One of the words most often associated with affordable housing is “crisis.” Not only is there a crisis-level shortfall of affordable housing stock in America, but the typical path to affordable housing development is also hampered by rigid permitting processes, regulatory constraints, and rising costs for land, labor, and materials. Harvard University’s Joint Center for Housing Studies annual report reveals that 31.5 percent of all households are paying more than 30 percent of their income on housing, and more than 16 percent are paying more than half their income. For these cost-burdened households, the tradeoff means cutting back on spending for food, healthcare, and retirement savings. Not surprisingly, those most affected are members of lowest-income households, which are disproportionately made up of some of our most vulnerable populations: children, those with disabilities, people of color, and seniors.
To meet the demand, developers often focus on how they can disrupt the financial systems that make building affordable housing such a cumbersome and cost-prohibitive process. While these are useful measures, financial solutions that aren’t forged in conversation with design solutions run the risk of defining success solely in terms of getting projects funded and completed.
Design holds incredible potential to transform affordable housing development and achieve the ultimate goal for all stakeholders: creating beautiful, dignifying affordable homes that meet residents’ unique needs as well as each project’s stated goals. Design excellence comes from collectively determining a cohesive project mission with input from all stakeholders. While the search for more units will always be a priority in an urban environment, it is important to prioritize the residents’ experience and their place in the new community.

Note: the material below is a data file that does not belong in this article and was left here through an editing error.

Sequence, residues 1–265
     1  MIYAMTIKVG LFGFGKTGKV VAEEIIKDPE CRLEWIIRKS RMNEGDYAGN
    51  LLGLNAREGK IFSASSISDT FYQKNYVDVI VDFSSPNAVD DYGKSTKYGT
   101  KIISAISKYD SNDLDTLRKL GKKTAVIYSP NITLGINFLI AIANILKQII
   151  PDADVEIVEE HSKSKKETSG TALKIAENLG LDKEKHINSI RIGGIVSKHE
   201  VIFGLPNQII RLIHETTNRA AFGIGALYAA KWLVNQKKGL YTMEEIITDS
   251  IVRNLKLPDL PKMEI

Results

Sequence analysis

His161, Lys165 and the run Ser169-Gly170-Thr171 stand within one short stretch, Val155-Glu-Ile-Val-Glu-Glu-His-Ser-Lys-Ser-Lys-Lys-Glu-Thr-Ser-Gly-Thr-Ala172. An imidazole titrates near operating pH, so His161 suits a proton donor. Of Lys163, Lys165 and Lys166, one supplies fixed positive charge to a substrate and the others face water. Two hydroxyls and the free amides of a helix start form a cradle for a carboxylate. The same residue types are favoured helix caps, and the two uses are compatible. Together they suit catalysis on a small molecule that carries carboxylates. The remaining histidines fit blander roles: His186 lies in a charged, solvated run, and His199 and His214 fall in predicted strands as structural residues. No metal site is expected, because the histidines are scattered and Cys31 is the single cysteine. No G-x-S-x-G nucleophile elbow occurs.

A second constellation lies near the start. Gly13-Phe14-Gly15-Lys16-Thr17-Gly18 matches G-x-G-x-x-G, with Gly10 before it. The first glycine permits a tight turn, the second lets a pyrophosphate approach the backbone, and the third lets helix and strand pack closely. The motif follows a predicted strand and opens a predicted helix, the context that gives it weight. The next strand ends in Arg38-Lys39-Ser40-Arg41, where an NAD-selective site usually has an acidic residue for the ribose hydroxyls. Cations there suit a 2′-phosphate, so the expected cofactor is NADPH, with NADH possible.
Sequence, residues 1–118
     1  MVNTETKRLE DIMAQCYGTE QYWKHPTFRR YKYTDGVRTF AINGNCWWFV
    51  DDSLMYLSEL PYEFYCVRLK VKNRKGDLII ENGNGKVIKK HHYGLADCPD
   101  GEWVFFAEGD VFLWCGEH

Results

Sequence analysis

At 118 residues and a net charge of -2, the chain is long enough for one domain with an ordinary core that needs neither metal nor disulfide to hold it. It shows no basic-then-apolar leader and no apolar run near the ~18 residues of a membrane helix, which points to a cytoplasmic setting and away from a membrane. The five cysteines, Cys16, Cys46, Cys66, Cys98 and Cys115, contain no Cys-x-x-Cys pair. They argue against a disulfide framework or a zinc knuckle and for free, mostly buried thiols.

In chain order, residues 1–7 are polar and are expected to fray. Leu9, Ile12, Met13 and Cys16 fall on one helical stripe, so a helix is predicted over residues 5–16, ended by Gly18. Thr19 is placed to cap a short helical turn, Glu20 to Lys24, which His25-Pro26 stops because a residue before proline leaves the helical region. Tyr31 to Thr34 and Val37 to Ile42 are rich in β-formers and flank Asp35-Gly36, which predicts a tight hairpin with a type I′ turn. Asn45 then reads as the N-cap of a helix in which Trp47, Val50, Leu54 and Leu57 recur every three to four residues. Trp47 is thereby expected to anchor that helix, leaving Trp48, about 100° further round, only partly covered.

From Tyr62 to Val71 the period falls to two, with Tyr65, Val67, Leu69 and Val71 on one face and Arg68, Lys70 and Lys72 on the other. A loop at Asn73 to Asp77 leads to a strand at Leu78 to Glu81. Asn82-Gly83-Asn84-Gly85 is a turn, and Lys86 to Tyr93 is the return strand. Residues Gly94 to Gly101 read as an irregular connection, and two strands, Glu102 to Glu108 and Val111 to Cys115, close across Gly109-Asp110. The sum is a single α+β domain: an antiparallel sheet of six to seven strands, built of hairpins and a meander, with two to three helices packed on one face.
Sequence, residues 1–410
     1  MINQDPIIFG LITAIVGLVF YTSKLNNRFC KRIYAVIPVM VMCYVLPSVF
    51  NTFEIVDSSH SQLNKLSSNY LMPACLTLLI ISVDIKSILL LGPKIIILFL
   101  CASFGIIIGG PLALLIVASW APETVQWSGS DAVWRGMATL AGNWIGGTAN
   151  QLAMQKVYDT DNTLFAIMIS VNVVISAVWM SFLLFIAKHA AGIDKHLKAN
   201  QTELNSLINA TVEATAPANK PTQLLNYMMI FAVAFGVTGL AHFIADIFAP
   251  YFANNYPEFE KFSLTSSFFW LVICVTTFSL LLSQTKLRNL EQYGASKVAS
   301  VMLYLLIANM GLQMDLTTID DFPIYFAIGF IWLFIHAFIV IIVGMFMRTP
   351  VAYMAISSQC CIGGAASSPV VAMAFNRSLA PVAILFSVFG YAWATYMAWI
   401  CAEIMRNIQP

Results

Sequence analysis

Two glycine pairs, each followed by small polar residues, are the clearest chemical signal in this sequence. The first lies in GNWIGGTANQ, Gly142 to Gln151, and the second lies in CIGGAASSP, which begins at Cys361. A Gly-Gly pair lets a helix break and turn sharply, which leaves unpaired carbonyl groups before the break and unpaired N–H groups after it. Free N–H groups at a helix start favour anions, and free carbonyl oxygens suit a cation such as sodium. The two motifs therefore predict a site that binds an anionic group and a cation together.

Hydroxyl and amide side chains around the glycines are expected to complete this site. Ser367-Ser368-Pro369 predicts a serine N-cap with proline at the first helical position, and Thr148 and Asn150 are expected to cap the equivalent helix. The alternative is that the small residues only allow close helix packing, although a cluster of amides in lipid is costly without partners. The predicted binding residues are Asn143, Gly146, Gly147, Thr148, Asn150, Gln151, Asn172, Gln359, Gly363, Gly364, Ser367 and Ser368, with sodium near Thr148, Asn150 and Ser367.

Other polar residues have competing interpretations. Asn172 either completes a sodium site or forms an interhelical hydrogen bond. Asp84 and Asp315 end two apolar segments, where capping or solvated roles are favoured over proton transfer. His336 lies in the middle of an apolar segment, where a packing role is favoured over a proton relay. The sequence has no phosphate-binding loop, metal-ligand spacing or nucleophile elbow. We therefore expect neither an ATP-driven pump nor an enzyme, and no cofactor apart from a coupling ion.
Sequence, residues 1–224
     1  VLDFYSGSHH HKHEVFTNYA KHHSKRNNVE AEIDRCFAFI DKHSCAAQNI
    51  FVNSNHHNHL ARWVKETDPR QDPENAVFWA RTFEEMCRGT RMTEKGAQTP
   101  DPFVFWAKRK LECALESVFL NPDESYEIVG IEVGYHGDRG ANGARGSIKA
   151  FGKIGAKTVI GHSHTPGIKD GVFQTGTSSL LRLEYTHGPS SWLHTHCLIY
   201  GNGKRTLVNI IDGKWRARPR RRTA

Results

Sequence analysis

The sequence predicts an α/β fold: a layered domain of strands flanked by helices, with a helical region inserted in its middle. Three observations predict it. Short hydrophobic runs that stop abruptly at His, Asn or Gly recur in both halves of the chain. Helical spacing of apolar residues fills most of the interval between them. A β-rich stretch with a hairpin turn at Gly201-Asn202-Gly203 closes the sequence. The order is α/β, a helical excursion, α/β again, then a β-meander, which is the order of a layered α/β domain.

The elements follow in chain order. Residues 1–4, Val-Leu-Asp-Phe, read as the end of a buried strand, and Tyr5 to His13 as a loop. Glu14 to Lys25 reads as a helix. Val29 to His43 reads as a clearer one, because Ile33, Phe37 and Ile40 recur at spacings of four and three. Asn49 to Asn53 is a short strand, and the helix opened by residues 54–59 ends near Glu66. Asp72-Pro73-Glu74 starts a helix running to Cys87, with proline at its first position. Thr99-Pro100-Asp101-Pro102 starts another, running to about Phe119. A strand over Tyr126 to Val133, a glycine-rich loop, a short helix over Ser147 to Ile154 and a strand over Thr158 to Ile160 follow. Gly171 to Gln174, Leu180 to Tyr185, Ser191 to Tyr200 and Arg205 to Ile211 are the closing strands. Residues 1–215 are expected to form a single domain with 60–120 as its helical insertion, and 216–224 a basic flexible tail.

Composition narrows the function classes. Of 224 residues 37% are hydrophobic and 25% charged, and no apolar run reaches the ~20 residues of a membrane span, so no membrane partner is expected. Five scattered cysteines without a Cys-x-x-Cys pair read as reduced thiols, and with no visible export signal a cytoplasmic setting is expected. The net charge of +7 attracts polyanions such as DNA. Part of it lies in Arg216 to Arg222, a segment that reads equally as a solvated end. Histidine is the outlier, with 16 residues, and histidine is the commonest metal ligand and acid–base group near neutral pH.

The best results for all stakeholders occur when a project is conceived and built with purpose. From the outset, each project is grounded in a clear mission that informs and influences every step of the process. A purpose built approach begins with immersion, a deep engagement with all partners and project stakeholders that allows us to collectively identify the specific mission of a project and its intended outcomes, and ends with impact. The process redefines the designer’s role, who is never an outside authority that arrives with one-size-fits-all answers, but a partner who first listens to clients’ and future residents’ needs and goals and then brings their expertise to bear on advancing the project’s mission.
The J.J. Carroll Apartments redevelopment project in Brighton, Massachusetts, designed in partnership with 2Life Communities, a nonprofit organization dedicated to developing and managing safe, affordable, and dignified housing for older adults, is one such project. The current J.J. Carroll buildings, built in 1966, are a series of two-story brick townhouses right next door to 2Life’s Brighton campus buildings, with 64 units for an aging and disabled community. The development is now past its useful life and lacks the accessible design features required by residents with various physical abilities and ages.
When MASS began work with 2Life, designers hosted a workshop series with current J.J. Carroll residents to learn how they operate, what they most want in the new development, and how the design could best support 2Life’s goal to offer older adults the chance to thrive in a dynamic, supportive environment.